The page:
Baseball world reacts to Tommy Lasorda’s death – OCRegister

8January 2021

Tommy Lasorda’s life touched lots of others during a 21-year Hall of Fame career as Dodgers supervisor and an even longer reign as one of baseball’s greatest ambassadors.

He passed away of a cardiovascular disease late Thursday night. The Dodgers revealed that flags at Dodger Arena will fly at half personnel and the arena will be lit up throughout the night to brighten a big No. 2 (Lasorda’s consistent number) which has actually been painted in center field. Flowers have actually been placed at Lasorda’s No. 2 monument in the Retired Numbers Plaza at the Top of the Park. His jersey along with his two Supervisor of the Year Awards will mark his seat in the Dodger dugout.

Dodgers team president and CEO Stan Kasten stated the team will honor Lasorda in “popular” methods throughout the 2021 season.

“I believe the very first thing would be a patch on jerseys,” Kasten stated. “You can depend on us having a reasonable amount of programming early, Opening Day and many days afterwards, honoring Tommy in a way that he should have to be honored as one of the excellent and most memorable Dodgers of all time.”

On Friday, the baseball world reacted to the news of Lasorda’s death:

“He entered into my office all the time on his little scooter and wheeled it in this little three-point turn and he would get up and sit in a chair. He would put his arm around me all the time, tell me just how much he liked me, just how much he liked what I was doing, what we were doing. … (He ‘d state) we were keeping him alive and he’s going to remain to view us win a championship. So, this year he existed in Texas. And that’s one of my proudest minutes that we got to fulfill one of his dreams.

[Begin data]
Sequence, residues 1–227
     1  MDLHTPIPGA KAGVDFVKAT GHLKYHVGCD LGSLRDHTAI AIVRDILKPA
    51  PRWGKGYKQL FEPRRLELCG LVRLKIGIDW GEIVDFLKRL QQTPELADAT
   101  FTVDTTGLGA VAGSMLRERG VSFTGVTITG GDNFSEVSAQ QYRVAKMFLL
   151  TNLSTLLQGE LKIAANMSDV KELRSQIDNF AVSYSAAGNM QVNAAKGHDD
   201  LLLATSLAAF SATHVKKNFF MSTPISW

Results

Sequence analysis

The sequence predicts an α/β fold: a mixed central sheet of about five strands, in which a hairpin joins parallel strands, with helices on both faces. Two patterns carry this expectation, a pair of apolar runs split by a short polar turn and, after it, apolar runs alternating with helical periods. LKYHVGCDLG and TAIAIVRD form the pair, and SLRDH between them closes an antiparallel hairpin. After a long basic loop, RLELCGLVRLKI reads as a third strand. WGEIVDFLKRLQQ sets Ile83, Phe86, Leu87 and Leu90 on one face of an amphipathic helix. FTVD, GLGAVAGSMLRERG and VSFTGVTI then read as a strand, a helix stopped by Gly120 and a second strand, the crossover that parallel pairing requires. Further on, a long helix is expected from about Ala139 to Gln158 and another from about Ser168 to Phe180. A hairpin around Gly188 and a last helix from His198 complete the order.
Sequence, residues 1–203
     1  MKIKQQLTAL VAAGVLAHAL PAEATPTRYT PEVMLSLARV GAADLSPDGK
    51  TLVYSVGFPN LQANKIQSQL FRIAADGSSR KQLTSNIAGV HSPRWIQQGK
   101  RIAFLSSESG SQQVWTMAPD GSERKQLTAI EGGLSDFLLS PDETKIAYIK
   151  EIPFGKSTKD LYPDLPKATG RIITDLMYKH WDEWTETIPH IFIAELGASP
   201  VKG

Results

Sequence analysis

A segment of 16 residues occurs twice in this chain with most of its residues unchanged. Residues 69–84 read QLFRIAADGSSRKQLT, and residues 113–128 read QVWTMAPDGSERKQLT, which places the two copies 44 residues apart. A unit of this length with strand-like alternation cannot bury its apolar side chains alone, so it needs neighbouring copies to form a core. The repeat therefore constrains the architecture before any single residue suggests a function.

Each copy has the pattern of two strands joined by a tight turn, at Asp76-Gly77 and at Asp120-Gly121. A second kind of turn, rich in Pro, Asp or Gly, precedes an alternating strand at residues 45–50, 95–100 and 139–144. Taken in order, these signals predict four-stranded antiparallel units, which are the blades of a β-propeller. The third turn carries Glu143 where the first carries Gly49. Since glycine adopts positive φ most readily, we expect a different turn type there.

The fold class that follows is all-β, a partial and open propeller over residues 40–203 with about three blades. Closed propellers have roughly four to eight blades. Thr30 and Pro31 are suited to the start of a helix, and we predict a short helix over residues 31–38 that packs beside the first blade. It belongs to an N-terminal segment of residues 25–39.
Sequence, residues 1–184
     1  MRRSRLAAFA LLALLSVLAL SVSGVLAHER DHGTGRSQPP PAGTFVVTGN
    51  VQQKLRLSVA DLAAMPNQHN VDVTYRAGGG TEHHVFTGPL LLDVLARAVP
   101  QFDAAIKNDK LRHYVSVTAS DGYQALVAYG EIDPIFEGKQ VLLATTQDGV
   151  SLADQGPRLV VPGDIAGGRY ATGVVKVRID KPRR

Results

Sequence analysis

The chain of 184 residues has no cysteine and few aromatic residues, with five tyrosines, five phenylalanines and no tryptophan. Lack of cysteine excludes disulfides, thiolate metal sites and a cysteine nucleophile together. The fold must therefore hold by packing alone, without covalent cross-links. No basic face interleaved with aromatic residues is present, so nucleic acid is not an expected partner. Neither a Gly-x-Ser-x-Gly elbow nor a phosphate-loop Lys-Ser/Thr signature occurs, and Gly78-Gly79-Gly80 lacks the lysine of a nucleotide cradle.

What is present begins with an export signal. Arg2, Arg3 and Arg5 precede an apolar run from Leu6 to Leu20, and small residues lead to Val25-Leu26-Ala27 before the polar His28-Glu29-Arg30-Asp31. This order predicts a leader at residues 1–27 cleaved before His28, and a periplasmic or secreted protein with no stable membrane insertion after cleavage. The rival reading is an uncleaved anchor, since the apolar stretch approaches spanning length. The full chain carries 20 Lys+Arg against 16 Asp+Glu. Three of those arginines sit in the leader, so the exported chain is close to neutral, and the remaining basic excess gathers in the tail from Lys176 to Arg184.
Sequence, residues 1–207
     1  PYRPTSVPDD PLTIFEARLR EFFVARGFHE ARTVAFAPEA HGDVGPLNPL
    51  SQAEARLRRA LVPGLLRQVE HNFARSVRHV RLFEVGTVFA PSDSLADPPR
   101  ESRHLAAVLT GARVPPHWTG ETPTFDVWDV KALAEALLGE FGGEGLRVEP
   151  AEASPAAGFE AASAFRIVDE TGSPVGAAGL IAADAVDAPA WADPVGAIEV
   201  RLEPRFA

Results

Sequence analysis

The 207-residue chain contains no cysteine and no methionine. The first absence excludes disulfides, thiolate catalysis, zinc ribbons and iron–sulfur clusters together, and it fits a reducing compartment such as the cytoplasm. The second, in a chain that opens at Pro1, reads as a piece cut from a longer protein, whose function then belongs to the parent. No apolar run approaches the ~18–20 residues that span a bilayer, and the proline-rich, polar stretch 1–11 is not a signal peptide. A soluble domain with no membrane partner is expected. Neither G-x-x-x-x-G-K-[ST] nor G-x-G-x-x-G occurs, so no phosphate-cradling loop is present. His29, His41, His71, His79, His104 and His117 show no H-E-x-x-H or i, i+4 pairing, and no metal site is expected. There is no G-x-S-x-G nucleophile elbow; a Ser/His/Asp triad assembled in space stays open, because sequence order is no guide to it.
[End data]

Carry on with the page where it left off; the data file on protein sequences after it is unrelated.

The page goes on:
“We can not ever forget the love he had for baseball in basic, the Dodgers in particular. Win or lose, he bled Dodger blue. Simply continue to share that enthusiasm, that love and let his tradition survive on forever.”

— Dave Roberts, Dodgers manager, on MLB Network

“There’s a great deal of special individuals in my life. However if you think about baseball and making a significant impact, Tommy Lasorda made the most influence on my life in baseball. He was my baseball father. He taught me baseball on the field and off the field.

“Him looking after me through my profession is why I hug him and kiss him on the forehead every time you see me around him. … He is my baseball dad.”

— Orel Hershiser, former Dodgers pitcher and present broadcaster

“Tommy Lasorda was among the finest managers our game has actually ever understood. He loved life as a Dodger. … His passion, success, charm and sense of humor turned him into an international celebrity, a stature that he used to grow our sport. Tommy invited Dodger gamers from Mexico, the Dominican Republic, Japan, South Korea and in other places– making baseball a more powerful, more varied and better game. He served Major League Baseball as the Worldwide Ambassador for the very first two editions of the World Baseball Classic and managed Group USA to gold in the 2000 Summertime Olympics in Sydney.